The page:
The amendment will make the process of transplantation more transparent and patient friendly and impose stringent penalties on persons/hospitals violating the provisions of the Act.
The Transplantation of Human Organs Act, 1994 was enacted by the Parliament during 1994 and came into force on February 4, 1995 in the States of Goa, Himachal Pradesh and Maharashtra and all the Union Territories.
Thereafter, it was adopted by all States except the States of Jammu and Kashmir and Andhra Pradesh, which have their own legislations to regulate transplantation of Human Organs.
The main purpose of the Act is to regulate the removal, storage and transplantation of human organs for therapeutic purposes and to prevent commercial dealings in human organs.
The Act contains detailed provisions relating to the authority for removal of human organs, preservation of human organs, regulation of hospitals conducting the removal, storage or transplantation of human organs, functions of appropriate authority, registration of hospitals and punishment/penalties for offences relating to aforesaid matters.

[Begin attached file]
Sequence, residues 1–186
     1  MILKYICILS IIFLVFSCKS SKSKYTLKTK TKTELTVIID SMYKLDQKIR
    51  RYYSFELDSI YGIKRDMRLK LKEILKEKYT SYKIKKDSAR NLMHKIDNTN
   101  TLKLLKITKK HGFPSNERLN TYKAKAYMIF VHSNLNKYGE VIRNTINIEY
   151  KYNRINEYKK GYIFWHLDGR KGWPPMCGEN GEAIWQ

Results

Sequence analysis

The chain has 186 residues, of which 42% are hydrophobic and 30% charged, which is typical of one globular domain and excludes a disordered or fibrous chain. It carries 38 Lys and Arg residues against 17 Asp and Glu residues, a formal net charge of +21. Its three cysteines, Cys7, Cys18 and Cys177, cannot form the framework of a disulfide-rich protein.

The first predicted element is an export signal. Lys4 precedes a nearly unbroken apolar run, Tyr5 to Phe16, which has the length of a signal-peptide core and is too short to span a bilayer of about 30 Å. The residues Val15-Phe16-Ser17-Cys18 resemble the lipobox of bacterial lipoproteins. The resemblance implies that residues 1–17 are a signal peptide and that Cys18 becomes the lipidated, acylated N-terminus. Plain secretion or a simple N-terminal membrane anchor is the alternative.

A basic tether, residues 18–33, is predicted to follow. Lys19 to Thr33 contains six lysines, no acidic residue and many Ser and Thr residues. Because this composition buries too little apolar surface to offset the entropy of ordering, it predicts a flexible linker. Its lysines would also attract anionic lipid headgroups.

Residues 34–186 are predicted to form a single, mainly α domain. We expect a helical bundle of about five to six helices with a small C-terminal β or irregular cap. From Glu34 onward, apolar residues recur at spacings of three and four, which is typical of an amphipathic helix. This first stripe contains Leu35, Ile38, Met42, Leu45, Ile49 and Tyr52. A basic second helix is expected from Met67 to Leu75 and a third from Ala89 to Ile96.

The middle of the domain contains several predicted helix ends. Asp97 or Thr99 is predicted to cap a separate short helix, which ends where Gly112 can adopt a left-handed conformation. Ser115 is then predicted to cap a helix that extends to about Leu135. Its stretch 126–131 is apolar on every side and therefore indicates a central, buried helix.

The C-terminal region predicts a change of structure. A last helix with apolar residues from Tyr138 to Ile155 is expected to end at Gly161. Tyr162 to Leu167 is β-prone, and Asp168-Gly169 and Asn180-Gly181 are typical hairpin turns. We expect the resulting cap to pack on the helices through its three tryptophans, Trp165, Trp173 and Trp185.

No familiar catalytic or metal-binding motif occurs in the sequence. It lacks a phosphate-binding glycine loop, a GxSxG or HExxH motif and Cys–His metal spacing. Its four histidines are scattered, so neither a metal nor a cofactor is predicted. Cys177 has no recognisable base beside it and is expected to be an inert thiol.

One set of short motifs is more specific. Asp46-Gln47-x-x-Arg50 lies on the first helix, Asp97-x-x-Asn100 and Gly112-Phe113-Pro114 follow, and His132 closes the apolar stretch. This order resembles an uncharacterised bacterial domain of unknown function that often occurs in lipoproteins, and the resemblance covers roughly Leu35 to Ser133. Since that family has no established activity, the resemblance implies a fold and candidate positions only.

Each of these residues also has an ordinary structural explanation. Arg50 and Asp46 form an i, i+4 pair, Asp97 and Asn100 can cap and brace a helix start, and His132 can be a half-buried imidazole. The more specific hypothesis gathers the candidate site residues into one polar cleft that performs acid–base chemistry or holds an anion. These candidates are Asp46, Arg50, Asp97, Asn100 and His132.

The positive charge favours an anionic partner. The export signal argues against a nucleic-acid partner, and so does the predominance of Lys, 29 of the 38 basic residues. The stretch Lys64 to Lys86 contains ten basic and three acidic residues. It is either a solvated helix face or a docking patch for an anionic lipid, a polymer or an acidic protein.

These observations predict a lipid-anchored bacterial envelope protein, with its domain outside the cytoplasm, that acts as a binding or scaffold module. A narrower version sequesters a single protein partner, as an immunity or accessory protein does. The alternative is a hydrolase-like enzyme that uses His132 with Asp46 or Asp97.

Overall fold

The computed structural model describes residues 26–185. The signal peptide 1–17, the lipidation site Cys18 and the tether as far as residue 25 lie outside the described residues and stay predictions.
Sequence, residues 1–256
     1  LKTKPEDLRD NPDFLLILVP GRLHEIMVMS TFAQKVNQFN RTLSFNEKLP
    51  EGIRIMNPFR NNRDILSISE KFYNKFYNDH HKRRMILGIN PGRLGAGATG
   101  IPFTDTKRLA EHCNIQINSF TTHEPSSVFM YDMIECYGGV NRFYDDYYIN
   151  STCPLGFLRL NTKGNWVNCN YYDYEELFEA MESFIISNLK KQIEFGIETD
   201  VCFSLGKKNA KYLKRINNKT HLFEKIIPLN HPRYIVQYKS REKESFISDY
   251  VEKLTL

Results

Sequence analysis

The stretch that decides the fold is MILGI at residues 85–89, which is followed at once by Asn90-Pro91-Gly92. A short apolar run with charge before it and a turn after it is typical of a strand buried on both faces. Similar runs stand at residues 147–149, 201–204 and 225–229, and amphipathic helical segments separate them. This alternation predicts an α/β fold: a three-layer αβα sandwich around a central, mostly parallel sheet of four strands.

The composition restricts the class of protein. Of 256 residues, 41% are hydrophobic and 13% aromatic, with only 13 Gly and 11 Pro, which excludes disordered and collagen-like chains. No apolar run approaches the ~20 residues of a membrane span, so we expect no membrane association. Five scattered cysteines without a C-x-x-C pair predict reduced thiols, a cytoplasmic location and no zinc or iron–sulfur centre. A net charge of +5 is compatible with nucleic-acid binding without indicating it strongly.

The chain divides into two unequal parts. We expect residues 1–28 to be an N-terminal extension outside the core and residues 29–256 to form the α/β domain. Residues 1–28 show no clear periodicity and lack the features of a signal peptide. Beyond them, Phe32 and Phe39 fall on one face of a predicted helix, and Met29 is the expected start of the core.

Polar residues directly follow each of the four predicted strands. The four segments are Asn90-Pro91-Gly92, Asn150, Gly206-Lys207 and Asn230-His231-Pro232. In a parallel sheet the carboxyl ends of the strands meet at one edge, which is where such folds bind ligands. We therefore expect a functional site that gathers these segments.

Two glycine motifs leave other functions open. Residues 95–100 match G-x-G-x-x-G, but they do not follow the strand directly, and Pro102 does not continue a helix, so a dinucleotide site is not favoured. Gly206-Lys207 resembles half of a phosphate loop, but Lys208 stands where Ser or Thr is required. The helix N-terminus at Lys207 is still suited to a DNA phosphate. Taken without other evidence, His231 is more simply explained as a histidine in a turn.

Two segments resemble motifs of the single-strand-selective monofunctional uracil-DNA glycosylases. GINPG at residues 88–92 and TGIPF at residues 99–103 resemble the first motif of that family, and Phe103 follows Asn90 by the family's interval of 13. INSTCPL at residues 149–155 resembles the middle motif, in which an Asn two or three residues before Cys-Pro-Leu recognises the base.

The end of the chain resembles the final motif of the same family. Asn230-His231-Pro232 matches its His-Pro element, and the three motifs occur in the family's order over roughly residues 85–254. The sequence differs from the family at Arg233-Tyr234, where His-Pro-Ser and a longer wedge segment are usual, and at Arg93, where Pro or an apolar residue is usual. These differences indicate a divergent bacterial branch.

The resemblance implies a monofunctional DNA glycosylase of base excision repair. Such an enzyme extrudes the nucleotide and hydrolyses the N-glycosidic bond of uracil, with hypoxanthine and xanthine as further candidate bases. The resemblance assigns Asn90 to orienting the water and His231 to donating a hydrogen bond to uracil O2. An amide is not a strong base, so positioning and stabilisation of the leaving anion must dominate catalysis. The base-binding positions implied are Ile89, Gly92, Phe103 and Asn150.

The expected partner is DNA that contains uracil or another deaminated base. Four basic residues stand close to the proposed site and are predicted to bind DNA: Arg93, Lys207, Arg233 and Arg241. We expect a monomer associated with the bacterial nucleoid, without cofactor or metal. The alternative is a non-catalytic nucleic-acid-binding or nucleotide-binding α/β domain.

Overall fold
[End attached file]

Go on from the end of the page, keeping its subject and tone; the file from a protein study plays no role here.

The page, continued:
Despite having put into place a regulatory mechanism for transplantation of human organs, there have been a spate of reports in the print and electronic media about a thriving human organ trade in India and the consequential exploitation of economically weaker sections of the society.
There has, therefore, been an increasing perception in civil society that while the Act has not been effective in curbing commercial transactions in organ transplant, it has thwarted genuine cases due to the complicated and long drawn process involving organ donation.